Clutch Release Lever Bushing Replacement
My nylon "ball socket bushing" at the top of the clutch release lever has disintegrated over time, so I am attempting to replace it with a new one. I have the bottom clutch housing removed and was able to move the clutch release lever some, but not enough to be able to install the new bushing. It looks to me like I need to remove the release lever in order to replace the bushing. Is this true?
Reading the workshop manual, it seems to indicate that the release lever does not come out by itself, but will come out if the entire clutch is removed. Is this correct, or is there some shortcut method to remove just the release lever?
Now pages 30-6b to 30-6c cover clutch removal/installation for my car. Many of the steps make sense to me, but a couple just leave me scratching my head and asking for help. Do I really need to do these steps to get the clutch out?:
10. Fabricate three sheet-metal angles (2 mm thick), if no angles are [already] installed.
11. Insert angle in notch of pressure plate and slacken mounting bolts. Drive centering pins out of flywheel toward pressure plate.
Is it really is necessary for me to do these two steps? If so, please explain exactly what it is I'm doing here.
Waiting patiently for enlightenment ...
'87 928S4, 5-speed, Venice Blue Metallic
Here is a shortcut you can try, it will be easier than removing the clutch and arm, if you can do it. Even though Wally still doesn't believe it can be done (gotta show him one day :-) I will tell you anyway !
(A) Install our 3-piece 928 Service Covers ($65) to protect your fenders (Yes, shameless plug, but they are COOL! )
(B) Remove Airbox assembly (upper and lower)
(C) Look at the top of the "bell housing" or "clutch housing" where it mounts to the top of the block. You will see a rectangular opening. Within this opening just off center towards the drivers side you will see the top of the clutch release arm and part of the stud it snaps on to.
(D) Take a suitable prying device and pry the top of the lever towards the rear and then towards the passenger side of your 928. This can sometimes be easy, sometimes it take more pressure than you feel comfortable with, but it will come off. The main thing to be aware of is to not pry on the ball stud, if you snap it then you will have to remove the clutch AND clutch housing to repair. Hasn't happened to me .... yet (crossing fingers), but I have heard of it happening.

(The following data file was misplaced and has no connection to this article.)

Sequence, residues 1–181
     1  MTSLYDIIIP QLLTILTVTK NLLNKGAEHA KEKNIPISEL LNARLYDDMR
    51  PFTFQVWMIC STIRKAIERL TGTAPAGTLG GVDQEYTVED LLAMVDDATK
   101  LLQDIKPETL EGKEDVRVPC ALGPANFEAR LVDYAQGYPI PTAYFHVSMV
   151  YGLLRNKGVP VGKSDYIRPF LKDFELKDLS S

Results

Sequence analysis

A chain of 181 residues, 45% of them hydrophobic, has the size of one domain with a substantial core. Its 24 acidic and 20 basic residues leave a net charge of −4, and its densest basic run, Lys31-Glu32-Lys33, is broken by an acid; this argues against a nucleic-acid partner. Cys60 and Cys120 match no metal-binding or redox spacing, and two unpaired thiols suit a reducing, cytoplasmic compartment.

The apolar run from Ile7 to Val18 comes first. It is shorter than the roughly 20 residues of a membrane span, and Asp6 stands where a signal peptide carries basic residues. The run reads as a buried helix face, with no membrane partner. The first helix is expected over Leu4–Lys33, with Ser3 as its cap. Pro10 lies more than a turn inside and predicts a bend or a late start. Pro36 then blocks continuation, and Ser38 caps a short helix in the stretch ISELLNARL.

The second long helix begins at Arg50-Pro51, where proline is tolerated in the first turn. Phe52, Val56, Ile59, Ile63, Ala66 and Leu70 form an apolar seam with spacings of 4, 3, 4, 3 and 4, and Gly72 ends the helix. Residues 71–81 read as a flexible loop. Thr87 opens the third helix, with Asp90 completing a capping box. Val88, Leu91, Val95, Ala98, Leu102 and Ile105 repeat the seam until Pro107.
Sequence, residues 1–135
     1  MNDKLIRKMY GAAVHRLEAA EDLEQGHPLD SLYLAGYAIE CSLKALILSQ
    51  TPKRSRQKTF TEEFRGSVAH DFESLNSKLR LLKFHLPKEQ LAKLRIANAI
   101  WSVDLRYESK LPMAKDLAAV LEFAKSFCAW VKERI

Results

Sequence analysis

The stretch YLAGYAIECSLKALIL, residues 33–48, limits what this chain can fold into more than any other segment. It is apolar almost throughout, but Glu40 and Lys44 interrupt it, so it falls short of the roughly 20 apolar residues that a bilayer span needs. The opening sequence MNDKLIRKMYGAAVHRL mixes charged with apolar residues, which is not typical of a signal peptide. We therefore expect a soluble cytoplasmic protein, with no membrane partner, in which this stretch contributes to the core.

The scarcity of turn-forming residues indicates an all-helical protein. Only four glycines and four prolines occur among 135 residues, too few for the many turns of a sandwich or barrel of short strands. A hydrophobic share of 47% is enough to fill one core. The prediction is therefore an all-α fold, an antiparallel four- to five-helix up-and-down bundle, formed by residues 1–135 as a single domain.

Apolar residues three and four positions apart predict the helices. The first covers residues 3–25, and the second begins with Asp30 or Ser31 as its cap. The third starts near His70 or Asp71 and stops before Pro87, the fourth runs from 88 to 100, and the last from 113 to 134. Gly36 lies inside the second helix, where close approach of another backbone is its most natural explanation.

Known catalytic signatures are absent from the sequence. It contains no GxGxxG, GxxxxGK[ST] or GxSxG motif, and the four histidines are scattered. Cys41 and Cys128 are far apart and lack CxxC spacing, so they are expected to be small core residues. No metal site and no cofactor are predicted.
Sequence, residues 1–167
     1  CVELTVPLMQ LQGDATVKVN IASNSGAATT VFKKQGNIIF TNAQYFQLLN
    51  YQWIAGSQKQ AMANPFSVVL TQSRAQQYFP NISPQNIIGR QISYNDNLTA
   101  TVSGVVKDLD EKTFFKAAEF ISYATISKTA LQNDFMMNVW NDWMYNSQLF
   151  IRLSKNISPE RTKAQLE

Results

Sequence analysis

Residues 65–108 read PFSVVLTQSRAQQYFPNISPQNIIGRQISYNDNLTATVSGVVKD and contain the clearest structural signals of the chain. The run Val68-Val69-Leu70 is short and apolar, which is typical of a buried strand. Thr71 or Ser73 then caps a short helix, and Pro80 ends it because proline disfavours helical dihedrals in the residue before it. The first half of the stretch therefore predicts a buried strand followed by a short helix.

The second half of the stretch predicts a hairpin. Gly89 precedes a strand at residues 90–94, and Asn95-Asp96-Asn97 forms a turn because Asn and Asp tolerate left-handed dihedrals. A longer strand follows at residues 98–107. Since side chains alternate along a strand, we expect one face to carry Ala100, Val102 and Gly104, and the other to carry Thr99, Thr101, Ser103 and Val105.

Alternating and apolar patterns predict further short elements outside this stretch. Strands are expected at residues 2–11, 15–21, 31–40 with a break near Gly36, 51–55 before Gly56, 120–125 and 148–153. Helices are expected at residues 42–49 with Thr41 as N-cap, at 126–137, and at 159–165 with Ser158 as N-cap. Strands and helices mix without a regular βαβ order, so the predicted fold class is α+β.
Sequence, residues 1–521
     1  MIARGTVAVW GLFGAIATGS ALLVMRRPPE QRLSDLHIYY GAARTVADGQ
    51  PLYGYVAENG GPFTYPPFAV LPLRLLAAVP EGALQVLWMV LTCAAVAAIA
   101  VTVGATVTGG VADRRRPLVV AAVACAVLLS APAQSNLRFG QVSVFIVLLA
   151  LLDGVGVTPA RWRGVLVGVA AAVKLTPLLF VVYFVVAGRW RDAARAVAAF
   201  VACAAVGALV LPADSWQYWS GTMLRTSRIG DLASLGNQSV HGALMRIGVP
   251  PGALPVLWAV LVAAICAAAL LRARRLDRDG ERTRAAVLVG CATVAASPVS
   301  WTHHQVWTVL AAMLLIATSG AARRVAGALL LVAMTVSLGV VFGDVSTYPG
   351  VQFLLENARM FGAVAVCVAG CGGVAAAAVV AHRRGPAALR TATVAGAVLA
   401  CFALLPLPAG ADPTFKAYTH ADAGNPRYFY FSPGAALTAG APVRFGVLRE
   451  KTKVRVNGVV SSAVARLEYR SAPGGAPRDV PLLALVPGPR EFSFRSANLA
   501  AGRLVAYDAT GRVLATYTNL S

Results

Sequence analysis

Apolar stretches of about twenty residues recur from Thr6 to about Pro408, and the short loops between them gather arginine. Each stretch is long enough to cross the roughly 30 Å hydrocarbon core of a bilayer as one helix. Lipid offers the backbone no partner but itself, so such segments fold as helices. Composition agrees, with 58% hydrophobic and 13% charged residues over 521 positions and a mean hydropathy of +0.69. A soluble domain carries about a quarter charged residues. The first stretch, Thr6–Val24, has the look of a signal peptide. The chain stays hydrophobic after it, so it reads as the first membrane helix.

(E) Once you have the clutch release arm off and to the side you can proceed to dig out the remains of the old bushing from the hole in the top of the arm.
(F) Insert new bushing, lube accordingly and then work it back over the ball stud and snap into place (sometimes just that easy, sometimes a little stubborn)
IMHO this is much easier and a LOT quicker than removing the clutch assembly to replace the bushing. It is trickier, but once you understand the procedure it gets easier, and you can do it without even jacking up and getting under your 928 !
Good luck and let me know how it goes,
Just loosen the bolts holding the clutch so that you get some movement of the clutch in place. Do not remove the clutch entirely!!!! You have to follow the steps you listed in your initial e-mail if you do that.
Then you will be able to wiggle the lever so that it moves freely with no problem. The lever will not come out completely unless you remove the entire clutch assembly, however, once it is free from the ball you may be able to reach it from above or below to replace the bushing. If it is necessary to press in the bushing, then you'll need to retighten the bolts, put in the angle brackets that you described, and remove the clutch assembly. I faced and handled the exact scenario with mine about a month ago! Be sure to retorque the bolts when reassembled, of course.
'82 928 5 speed
Assuming that you have done everything else according to the book and you are ready to drop the clutch. Remove the air filter and lower air filter housing. The top of the clutch release arm is staring right at you through the top of the bell housing. Use a very long screwdriver or pry bar and gently pry the release arm off of the pivot ball. It only takes several minutes to remove the air filter box and this will save you tons of frustration. You will want to update your release bearing, guide tube and release arm to the newest version, it make shifting much smoother. If you have the new style release bearing you MUST use the new arm and tube as well. The parts are not interchangeable. You must use the 3 angle pieces of metal in the clutch, if you don't it will never drop down. The 3 pieces keep the pressure plate from releasing just enough to clear the bell housing. The new clutch plate will have the pieces installed at the factory ready for install. Look at them if you need help with size or placement. BTW, resurface that flywheel and change the rear main seal and pilot bearing.
89 S-4 New Clutch @ 115k
The angle pieces take the slack off the pressure plate so you can remove it more easily. Otherwise you have to loosen one bolt a few turns, turn the crank, loosen another, turn crank yada yada...